The Pattern of Devotion
God has created us to be creatures of habit. While we are certainly more than our habits, we are not less. Our habits shape us and make us who we are. The activities we repeat soon become ingrained in the fabric of our lives so that after a time it is more difficult to skip a habit than to perform it (which is exactly why it is so important to develop good habits and to repent of harmful ones). Much of our struggle with sin can be traced directly to our failure to develop good habits and our inability or unwillingness to destroy bad ones.
Habits are one of the ways we experience God’s refreshing and renewing grace. David Mathis says, “Our God is lavish in his grace; he is free to liberally dispense his goodness without even the least bit of cooperation and preparation on our part, and often he does. But he also has his regular channels. And we can routinely avail ourselves of these revealed paths of blessing—or neglect them to our detriment.” One of the key habits every Christian ought to begin is the habit of personal devotions. This is certainly not the only means through which God blesses us with his grace and certainly not the only meaningful habit. Yet it is a crucial one that benefits all who diligently pursue it.
In most cases the habit of personal devotion is expressed in a daily quiet time, a time committed to hearing God through his Word and to speaking to God through prayer. In this way our devotion is conversation between two people—God and ourselves. While the Bible instructs us to “pray without ceasing,” it also models the importance of setting aside particular times for deliberate and even planned prayer. Though Jesus lived in constant communion with God, he still escaped from his responsibilities and followers to spend time—even long hours—alone with God. And while the Bible commends those whose thoughts turn regularly and naturally to God’s Word, it also tells of the importance of diligently studying it. If we are to live for God, we must live with God. If we are to honor him, we must know him, and we know him through this habit of devotion.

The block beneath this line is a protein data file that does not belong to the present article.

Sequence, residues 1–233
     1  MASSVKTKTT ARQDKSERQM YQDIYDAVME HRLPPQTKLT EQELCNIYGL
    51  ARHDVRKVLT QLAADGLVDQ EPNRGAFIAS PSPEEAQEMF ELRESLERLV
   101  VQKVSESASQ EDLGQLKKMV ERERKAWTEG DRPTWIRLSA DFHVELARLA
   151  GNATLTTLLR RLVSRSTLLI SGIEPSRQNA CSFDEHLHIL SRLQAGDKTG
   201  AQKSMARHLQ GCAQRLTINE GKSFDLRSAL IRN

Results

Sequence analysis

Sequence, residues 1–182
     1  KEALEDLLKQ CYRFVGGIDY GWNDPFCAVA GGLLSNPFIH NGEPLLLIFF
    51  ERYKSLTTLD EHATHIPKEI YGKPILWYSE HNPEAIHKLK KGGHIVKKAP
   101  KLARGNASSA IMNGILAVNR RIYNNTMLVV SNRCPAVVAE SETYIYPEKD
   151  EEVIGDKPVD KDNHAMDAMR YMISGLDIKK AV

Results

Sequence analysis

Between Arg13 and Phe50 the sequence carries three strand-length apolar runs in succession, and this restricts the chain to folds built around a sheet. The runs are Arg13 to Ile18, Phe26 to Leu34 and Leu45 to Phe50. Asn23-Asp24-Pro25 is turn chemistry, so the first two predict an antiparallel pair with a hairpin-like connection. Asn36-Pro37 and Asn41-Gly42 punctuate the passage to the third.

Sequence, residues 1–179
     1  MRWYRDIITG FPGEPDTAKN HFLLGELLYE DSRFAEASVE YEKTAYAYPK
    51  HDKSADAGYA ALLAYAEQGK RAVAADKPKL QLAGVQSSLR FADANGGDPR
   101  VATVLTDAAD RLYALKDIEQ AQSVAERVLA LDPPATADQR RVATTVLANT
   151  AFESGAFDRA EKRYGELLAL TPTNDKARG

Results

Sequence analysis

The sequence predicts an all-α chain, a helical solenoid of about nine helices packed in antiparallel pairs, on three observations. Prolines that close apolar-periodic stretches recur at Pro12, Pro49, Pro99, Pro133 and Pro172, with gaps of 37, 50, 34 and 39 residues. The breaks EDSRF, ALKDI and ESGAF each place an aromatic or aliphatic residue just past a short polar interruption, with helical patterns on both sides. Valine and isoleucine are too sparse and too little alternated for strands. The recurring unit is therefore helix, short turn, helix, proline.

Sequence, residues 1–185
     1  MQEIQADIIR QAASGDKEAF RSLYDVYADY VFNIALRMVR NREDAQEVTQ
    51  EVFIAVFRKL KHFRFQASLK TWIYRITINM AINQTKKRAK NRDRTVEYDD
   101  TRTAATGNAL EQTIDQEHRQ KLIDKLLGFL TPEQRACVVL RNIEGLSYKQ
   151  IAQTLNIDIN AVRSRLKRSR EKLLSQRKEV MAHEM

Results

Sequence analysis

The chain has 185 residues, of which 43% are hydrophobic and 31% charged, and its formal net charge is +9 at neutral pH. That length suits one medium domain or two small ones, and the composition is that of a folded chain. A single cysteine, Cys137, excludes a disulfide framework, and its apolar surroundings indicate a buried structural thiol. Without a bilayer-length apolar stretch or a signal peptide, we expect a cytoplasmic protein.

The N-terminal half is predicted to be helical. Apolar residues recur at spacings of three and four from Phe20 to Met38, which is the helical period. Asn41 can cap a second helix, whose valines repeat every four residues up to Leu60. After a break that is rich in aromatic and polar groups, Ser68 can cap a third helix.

Such devotion requires the diligence and discipline that will build the habit and improve upon it. Most Christians find they must set aside time every day and train themselves to maintain it. After some time of building the habit, they soon find themselves naturally opening God’s Word and praying to him. That habit is then used by God to build relationship, to teach godly character, and to compel obedience.
The Danger of Devotion